What is Form 1040
Form 1040 is the most complex of the three major individual tax forms. However, it offers many tax breaks you can’t get if you file a simpler form, like Form 1040EZ or Form 1040A. You can report all types of income, expenses, and credits on a 1040.
If you receive these types of income, you must file a 1040:
- Self-employment income
- Tips you didn’t report to your employer
- Income you receive as one of these:
- Partner in a partnership
- Shareholder in an S corporation
- Beneficiary of an estate or trust
- Insurance policy dividends that are more than the premiums you paid
- Interest you received or paid on securities that were transferred between interest payment dates
- Distributions from a foreign trust
You also must file a 1040 if any of these apply:
- You qualify for the foreign earned income exclusion. To learn more, see the Foreign Earned Income Exclusion tax tip.
- You qualify to exclude income from sources in Puerto Rico or American Samoa since you were a bona fide resident of either.
- You have an Alternative Minimum Tax (AMT) adjustment on stock you got by exercising an incentive stock option.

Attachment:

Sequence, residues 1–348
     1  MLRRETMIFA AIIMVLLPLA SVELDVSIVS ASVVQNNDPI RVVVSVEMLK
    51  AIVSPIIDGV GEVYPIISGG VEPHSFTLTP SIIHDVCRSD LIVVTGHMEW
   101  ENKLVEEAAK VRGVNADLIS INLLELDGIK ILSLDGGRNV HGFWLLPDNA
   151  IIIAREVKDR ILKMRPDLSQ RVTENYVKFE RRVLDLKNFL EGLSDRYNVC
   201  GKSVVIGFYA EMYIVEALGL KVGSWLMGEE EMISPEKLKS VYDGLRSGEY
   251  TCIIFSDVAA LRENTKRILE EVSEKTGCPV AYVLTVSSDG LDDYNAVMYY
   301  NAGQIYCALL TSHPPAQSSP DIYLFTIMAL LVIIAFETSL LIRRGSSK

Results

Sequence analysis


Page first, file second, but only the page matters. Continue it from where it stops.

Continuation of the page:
- You owe excise tax on insider stock compensation you got from an expatriated corporation.
- You’re reporting an original issue discount (OID) amount that doesn’t match the amount on Form 1099-OID. To learn more, see Publication 1212: List of Original Issue Discount Instruments at www.irs.gov.
- You owe household employment taxes. To learn more, see Schedule H instructions.
- You’re eligible for the premium tax credit. To learn more, see the Form 8962 instructions.
- You’re claiming the adoption credit or you received employer-provided adoption benefits. To learn more, see the Adoption Expenses tax tip.
- You’re a debtor in a Chapter 11 bankruptcy case filed after Oct. 16, 2005.
- Your employer didn’t withhold Social Security and Medicare taxes from your pay.
- You had a qualified health savings account (HSA) funding distribution from your IRA.
- You have a loss attributable to a federally declared disaster area.
- You’re repaying the first-time homebuyer credit.
To learn more, see Publication 525: Taxable and Nontaxable Income at www.irs.gov.
Here’s what could happen if you owe taxes and can’t pay them on time: You might face IRS penalties and interest. Even if you can’t pay by tax day, you should still file your return or at least file for a six-month extension. Then, review your options for how you can pay the IRS what you owe.
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